What a marvelous and bracing statement: “the most profound contempt for people, for the individual.”
Have some more of the news story:
“The Communist regime was illegitimate and criminal. . . . It treated an entire population as a group of guinea pigs for an experiment,” Basescu said.
He added that the system was thrust upon Romania by the Soviet Union, which occupied the country in 1945. “It forced citizens to live in lies and fear,” he said.
“As the president, I condemn the Communist system . . . and I state my admiration to the citizens who opposed the dictatorship.”
“I state my admiration” — beautiful. They’re not universally applauded, you know, these opponents of Communist dictatorship.
The story, from the AP, tells us that Basescu’s speech was interrupted by “ultranationalist hecklers.” Among those in attendance was Lech Walesa, the Polish Solidarity leader. (He did not heckle, needless to say.)
We learn, too, that the 650-page report was drafted by a team headed by Vladimir Tismaneanu, a University of Maryland professor. Now, get this:
The report accuses some prominent current politicians, including former president Ion Iliescu, of contributing to the Communist regime. It also names prominent journalists, writers, and poets who, it said, indoctrinated Romanians. Tismaneanu’s own late father, Leon Tismaneanu, also is mentioned for his writings in support of the Communist regime.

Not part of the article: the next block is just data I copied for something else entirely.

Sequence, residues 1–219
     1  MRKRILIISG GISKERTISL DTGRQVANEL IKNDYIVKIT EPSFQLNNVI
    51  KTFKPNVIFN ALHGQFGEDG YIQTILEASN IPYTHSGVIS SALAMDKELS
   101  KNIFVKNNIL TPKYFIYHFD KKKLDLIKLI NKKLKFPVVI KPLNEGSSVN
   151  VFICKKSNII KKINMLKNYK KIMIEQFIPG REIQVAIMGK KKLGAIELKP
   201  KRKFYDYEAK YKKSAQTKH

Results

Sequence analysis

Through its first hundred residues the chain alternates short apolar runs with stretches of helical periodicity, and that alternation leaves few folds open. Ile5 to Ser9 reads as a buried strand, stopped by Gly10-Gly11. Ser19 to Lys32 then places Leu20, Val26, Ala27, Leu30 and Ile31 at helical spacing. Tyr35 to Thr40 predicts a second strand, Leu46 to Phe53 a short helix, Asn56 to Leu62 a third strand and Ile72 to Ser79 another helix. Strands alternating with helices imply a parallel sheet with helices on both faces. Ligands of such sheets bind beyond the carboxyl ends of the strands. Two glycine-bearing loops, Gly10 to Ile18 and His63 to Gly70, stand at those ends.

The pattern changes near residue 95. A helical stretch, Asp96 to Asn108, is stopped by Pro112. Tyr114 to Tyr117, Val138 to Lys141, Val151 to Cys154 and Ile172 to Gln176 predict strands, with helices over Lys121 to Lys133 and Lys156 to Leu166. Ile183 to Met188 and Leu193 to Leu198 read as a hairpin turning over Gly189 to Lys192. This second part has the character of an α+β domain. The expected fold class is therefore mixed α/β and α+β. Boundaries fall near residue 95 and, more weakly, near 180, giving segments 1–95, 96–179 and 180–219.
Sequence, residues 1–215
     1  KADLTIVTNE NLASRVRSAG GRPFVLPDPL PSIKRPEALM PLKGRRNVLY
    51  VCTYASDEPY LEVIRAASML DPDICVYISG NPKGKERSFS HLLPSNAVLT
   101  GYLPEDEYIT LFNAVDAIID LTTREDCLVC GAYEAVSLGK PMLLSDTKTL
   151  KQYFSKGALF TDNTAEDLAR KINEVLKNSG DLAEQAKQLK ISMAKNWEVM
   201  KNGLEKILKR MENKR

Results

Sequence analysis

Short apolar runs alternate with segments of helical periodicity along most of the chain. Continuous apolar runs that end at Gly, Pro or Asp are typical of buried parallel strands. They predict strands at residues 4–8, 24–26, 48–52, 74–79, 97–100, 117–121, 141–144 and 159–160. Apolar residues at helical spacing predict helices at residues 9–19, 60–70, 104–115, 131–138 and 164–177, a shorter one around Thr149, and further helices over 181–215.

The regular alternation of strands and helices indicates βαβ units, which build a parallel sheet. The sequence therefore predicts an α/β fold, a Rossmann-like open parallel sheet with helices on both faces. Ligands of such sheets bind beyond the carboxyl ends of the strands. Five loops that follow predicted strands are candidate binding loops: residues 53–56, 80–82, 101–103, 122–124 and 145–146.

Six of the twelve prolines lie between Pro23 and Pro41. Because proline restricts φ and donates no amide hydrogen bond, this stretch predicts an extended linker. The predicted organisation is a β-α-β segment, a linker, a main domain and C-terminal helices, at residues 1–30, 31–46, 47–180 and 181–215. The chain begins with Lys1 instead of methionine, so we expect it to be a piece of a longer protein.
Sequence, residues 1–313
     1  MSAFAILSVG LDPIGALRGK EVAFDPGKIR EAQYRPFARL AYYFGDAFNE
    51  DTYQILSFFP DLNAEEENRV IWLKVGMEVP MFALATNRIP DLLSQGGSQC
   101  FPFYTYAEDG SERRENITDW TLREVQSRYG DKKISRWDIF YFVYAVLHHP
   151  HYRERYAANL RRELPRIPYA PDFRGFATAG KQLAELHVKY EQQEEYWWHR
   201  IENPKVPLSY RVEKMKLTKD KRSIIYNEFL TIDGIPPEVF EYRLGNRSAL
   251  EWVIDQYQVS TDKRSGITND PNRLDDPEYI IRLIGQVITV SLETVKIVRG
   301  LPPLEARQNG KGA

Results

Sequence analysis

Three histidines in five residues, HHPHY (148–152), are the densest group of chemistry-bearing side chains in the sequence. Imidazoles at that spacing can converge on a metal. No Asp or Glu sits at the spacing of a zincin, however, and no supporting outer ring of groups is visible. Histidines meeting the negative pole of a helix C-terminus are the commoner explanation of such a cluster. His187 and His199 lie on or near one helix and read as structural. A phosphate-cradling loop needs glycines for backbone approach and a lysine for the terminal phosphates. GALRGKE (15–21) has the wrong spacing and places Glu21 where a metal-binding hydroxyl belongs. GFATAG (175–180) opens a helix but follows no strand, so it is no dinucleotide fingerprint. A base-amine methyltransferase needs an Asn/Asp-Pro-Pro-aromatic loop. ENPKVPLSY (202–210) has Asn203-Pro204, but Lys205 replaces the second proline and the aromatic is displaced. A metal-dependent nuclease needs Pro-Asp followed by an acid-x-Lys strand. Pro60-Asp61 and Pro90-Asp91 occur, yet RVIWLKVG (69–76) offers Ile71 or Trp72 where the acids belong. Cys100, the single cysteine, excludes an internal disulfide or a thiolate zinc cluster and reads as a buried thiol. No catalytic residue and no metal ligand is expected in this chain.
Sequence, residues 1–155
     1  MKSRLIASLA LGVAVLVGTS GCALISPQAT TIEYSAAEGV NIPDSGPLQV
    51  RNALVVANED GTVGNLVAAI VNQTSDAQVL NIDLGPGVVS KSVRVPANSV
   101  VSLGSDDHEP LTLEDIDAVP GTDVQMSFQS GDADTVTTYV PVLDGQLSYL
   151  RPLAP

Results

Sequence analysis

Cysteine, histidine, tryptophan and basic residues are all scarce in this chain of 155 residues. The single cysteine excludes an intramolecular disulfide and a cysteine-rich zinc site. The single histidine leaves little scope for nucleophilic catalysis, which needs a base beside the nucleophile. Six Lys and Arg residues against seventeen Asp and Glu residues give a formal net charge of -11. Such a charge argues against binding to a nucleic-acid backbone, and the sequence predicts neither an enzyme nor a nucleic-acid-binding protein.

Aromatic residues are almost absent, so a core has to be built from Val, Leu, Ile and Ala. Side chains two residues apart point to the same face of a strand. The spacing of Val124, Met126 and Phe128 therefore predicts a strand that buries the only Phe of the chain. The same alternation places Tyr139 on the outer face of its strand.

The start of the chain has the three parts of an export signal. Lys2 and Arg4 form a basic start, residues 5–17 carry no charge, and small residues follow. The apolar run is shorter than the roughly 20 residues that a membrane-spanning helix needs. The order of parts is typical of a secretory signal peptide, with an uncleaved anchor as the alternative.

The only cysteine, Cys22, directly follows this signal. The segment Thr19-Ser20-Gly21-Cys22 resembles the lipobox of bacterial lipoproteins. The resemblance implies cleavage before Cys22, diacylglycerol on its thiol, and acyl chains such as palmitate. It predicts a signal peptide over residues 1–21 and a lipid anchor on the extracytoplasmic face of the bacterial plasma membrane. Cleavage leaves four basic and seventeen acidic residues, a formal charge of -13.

What did the ex-president, Iliescu, say about the report? That it was “demonizing the Left.”
But, in the story, a journalist, Corina Dragotescu, gets the last word: “We lived in Communism and we know what it was. But this is something needed for future generations when they ask: ‘Why was Communism overthrown?’”
Indeed, an extraordinarily rich and telling story. And hats off to the Romanians, for coming to terms, to this degree.
There is another story you should know about — though this one’s grimmer. It comes from Libya, and it concerns over 400 children, dead of AIDS. Six foreigners — five Bulgarian nurses and a Palestinian doctor — were accused of infecting these children. And they have been sentenced to death. The Libyan mob howled with glee. “Execution! Execution!” they yelled, and “God is great!”
Of course, they have been badly misled, these Libyans. The foreigners seem obviously scapegoated — and their lives are in gravest jeopardy.
All of our lives, here in America, we’ve been told about the Salem witch trials: McCarthy, Arthur Miller, blah, blah, blah. Such nonsense, most of the time. But, once in a while, out in the world, something like Salem does occur — a shudder-making, horrifying moment.
For the full story, please consult this AP report.
A speck of good news? Remember that Turkish writer, Ipek Calislar, who’d been charged with the crime of insulting Ataturk? Acquitted. (The story is here.) Whew. Good thing Turkey wants EU membership. Without the Euros scrutinizing it — life could be tougher for liberal-minded Turks, such as Mr. Calislar.